Determining a property’s value under eminent domain

There are many issues landowners can and do face when it comes to their real estate. Zoning impediments, restrictive covenants and easements are all potential interruptions to the use and enjoyment of their land. Eminent domain is another possibility.

Under the Takings Clause of the 5th amendment to the U.S. constitution and other laws, a government or authorized entity can take private land for public use in exchange for "just" compensation, or fair market value. The expansion of a bridge, sewer or power line are a few situations when the power of eminent domain has been exercised.

The basic process

The eminent domain process involves notice of intent and an offer. The entity provides notice of intent to take the land to the property owner and, after conducting its own appraisal, also provides an offer based on what it believes is an appropriate value for the property interest. If the landowner agrees that the offer is fair, the landowner accepts the offer and basically hands over the property.

However, in other instances, there may be differences in opinion as to the value of the property or taking. When the parties cannot agree, a formal condemnation process commences to determine its worth.

Determining a property's value

Determining the value of the property or taking for purposes of eminent domain often hinges on many different factors. They can include but are not be limited to:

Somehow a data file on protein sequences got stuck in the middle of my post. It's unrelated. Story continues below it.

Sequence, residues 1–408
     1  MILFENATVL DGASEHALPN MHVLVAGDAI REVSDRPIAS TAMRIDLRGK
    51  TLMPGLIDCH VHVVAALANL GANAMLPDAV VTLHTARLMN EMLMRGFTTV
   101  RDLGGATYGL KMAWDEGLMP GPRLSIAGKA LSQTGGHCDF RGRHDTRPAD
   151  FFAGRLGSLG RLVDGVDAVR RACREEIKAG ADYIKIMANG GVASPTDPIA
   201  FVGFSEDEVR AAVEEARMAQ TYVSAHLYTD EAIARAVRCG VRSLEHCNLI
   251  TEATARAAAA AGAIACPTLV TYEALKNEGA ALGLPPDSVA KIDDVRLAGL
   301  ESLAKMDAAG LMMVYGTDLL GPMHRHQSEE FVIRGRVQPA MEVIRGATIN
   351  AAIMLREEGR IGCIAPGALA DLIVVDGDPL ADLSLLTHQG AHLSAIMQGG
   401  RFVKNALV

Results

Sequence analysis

• The size of the parcel
  • How the parcel is zoned
  • Nearby land uses
  • Whether leaseholders are involved
  • Whether the property represents the owner's livelihood
  • Whether the acquisition is full or partial

Since each parcel is distinct with unique situations, value estimates will always vary. Even the date of the valuation can determine the price since real estate property prices fluctuate frequently.

Many types of professionals and experts are often utilized to sort out the issues.

Inverse condemnation

In some instances, a condemnation proceeding commences not because of a dispute over the price of the property but whether a taking has even occurred.

The property itself may not be physically acquired but a landowner could argue that a taking still has occurred. An entity may, for instance, build a busy highway directly next to the property or pass a law that prohibits certain activity the landowner planned to engage in.

When this occurs, the landowner files what's known as an inverse condemnation proceeding.

The steps involved in this instance are similar and just as complex as the traditional condemnation process, if not more so since the burden is up to the landowner to prove a taking as happened and he or she is entitled to fair market compensation.